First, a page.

Advanced financial accounting PowerPoint presentation. In this presentation, we’re going to discuss foreign currency exchange rates get ready to account with advanced financial accounting, foreign currency exchange rates, let’s first define foreign currency transactions. So what are from foreign currency transactions? When are we going to need to account for foreign currency transactions. So from our perspective, we’re going to be looking at this from the perspective of a US company US company that is having their books then accounted for or measured in dollars. And when you think about the foreign currency transaction, it’s just like anything else, but it can be a little bit more confusing. So you want to remember, of course, that the dollar is basically the measuring tool.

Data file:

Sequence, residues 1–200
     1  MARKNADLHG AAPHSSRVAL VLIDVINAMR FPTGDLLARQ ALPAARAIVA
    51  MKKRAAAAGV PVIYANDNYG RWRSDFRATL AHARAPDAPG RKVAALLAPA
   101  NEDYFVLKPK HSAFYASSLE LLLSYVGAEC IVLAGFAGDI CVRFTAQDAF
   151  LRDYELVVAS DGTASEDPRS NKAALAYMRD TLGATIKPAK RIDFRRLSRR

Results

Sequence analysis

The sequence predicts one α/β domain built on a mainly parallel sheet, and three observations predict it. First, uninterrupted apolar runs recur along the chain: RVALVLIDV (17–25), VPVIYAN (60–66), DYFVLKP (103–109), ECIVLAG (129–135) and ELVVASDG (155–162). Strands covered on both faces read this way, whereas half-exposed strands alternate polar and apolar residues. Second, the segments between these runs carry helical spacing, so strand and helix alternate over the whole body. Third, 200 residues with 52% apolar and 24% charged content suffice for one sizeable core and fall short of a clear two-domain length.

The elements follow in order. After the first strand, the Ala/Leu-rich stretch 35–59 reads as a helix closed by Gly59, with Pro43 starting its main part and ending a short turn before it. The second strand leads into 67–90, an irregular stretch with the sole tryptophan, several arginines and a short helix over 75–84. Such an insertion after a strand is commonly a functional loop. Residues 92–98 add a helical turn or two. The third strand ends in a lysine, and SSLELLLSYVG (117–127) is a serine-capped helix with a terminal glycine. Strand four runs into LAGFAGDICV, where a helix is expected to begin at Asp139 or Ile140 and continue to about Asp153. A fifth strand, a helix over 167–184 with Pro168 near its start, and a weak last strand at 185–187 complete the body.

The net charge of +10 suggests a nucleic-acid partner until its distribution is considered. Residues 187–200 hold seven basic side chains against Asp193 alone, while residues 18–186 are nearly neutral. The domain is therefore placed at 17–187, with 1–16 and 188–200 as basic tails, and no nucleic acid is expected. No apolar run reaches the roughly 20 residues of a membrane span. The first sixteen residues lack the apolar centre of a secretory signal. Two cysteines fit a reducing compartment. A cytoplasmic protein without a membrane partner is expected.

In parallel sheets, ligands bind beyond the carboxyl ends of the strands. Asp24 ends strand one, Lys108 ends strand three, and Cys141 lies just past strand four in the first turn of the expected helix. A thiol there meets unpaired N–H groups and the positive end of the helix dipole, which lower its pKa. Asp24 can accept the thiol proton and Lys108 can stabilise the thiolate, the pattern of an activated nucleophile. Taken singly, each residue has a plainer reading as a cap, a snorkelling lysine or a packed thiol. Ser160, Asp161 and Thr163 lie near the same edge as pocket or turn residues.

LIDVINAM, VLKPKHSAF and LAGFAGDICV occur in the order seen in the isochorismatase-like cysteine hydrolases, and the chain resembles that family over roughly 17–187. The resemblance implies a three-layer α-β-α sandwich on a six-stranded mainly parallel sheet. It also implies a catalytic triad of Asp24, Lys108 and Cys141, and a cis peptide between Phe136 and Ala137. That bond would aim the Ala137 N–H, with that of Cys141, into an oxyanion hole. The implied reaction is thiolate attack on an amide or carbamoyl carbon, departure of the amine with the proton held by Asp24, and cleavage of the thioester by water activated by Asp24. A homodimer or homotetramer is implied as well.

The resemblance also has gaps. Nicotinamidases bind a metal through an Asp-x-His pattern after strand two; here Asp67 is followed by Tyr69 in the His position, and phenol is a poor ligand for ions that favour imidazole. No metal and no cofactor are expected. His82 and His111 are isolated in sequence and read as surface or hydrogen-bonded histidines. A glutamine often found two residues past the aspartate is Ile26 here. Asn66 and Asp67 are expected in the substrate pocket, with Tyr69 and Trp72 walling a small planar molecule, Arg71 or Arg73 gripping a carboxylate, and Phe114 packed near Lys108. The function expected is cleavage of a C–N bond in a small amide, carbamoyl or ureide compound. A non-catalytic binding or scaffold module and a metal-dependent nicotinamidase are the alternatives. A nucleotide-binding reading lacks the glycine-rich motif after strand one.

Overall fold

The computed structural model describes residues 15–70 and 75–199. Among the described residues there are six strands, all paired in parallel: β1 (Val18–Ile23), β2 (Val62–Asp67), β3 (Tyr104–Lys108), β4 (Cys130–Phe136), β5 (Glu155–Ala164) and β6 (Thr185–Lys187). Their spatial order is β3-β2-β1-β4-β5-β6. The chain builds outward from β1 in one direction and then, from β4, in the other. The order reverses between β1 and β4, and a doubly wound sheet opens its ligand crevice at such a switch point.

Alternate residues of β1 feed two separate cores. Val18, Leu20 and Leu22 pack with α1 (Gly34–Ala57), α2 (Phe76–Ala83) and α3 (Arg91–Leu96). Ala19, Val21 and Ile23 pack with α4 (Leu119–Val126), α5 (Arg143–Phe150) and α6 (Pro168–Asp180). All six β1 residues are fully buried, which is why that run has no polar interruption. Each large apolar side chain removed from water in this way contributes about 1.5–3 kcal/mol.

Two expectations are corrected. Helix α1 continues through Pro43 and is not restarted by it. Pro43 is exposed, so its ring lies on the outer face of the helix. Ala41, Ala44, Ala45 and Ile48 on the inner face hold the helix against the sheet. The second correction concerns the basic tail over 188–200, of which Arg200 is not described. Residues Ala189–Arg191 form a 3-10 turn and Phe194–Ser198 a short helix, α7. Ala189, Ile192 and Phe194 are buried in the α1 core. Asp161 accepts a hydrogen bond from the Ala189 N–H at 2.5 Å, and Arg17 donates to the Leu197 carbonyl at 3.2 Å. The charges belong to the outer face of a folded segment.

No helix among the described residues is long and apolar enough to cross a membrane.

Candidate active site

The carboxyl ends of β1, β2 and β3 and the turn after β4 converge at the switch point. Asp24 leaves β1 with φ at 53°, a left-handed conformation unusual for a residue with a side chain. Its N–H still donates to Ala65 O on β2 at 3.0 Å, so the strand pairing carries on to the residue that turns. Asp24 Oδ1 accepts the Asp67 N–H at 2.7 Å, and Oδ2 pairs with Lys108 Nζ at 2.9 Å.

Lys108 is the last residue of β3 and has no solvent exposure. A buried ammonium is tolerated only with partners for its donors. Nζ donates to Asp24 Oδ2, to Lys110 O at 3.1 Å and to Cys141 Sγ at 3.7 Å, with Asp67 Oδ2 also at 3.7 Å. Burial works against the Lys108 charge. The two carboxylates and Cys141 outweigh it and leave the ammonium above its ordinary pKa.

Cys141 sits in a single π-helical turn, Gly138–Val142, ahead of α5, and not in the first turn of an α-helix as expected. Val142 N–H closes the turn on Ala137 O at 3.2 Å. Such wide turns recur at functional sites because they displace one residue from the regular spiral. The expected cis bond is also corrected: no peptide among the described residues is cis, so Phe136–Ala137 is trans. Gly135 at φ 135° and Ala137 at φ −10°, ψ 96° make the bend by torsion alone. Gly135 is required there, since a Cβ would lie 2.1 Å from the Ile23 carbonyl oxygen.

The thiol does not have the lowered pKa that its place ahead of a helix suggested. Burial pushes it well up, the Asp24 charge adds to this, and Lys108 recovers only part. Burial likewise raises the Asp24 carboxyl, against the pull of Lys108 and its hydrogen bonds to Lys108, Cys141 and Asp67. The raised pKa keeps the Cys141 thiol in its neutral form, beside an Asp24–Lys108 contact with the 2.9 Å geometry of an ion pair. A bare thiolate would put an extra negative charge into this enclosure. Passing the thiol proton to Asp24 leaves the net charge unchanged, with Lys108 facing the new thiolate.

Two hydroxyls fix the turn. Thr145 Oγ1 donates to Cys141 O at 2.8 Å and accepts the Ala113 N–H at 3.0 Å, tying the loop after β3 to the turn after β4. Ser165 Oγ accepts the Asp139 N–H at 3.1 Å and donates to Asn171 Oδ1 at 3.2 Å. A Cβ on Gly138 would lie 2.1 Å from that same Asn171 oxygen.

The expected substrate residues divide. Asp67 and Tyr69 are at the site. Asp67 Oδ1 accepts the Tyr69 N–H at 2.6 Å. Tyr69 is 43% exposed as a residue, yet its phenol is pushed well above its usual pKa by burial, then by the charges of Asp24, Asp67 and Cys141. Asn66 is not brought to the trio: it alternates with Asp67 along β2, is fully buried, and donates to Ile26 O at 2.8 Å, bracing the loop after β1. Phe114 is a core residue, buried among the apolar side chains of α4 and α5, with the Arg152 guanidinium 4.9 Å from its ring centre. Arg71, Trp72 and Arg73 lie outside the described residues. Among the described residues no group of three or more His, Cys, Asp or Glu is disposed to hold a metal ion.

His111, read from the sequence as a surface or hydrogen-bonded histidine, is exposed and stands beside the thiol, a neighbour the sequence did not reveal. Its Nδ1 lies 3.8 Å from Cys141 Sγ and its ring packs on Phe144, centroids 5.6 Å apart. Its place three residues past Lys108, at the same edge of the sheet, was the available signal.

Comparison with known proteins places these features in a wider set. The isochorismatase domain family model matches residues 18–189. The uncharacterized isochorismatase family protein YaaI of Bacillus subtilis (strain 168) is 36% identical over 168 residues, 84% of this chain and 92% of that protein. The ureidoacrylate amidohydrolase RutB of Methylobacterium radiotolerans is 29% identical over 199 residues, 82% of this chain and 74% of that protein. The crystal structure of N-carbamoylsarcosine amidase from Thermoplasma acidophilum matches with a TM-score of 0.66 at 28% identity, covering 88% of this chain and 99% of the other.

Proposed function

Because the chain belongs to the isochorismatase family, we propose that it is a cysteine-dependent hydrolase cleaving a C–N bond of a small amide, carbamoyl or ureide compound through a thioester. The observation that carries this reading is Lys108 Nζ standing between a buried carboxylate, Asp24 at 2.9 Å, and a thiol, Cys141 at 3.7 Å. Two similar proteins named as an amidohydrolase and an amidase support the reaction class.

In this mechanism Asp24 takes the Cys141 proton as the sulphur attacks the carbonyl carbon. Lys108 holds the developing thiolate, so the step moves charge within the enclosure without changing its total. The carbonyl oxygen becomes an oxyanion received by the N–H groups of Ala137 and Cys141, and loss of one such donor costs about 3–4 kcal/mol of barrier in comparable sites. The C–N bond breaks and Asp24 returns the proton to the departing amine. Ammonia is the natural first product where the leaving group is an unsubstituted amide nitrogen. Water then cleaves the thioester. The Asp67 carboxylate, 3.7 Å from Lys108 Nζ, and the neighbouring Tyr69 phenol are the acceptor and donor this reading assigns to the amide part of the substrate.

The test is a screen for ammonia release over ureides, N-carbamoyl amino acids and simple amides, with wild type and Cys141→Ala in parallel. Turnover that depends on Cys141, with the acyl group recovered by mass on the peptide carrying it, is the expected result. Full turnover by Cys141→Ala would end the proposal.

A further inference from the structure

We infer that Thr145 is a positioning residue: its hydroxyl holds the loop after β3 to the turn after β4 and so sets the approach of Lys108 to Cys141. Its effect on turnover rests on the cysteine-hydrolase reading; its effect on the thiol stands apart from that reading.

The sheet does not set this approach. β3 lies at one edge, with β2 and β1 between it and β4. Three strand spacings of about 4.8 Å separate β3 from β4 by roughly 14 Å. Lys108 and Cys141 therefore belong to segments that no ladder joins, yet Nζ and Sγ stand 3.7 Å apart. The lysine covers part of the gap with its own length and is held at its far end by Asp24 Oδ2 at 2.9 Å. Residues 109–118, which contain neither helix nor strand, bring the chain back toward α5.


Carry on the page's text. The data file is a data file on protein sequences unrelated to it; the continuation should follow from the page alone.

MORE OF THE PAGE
Advanced financial accounting a PowerPoint presentation. In this presentation, we will discuss forward exchange contracts get ready to account with advanced financial accounting, forward exchange contracts. Now we’re going to go over some of the components of the foreign exchange contracts here, we’ll go into them on a lot more detail as we work through practice problems related to the forward exchange contracts. But just to visualize the basic kind of layout of a foreign exchange contract as you think about these items, and there’ll be a lot more concrete once we look at practice problems, we’re basically have a setup where we’re going to be working with a bank or a dealer, typically a bank, and we’re going to be setting up a foreign exchange contract which is basically going to say, we have a receivable and payable on the books at this point in time and we’re either going to put the receivable or the payable that is going to be due to us or something that we will pay in foreign currency at the end of the time period. Whereas the other side the receivable or the payable, the other side that’s not in foreign currency will be in US dollars. In other words, we We will determine the amount that will that we’re talking about. And then we’ll use an exchange rate which we’ll talk a little bit more about the exchange rate that we will use to value it in today’s dollars will put either the receivable or the payable in US dollars and either the receivable or the payable and foreign dollars as of this point in time. And then as time changes, as the rate of the foreign currency changes, then that could result in the difference between, you know, what we thought the value would be, at the point in time we went into the forward contract between the US dollar and the foreign currency as that difference changes over time that could result in basically a gain or loss.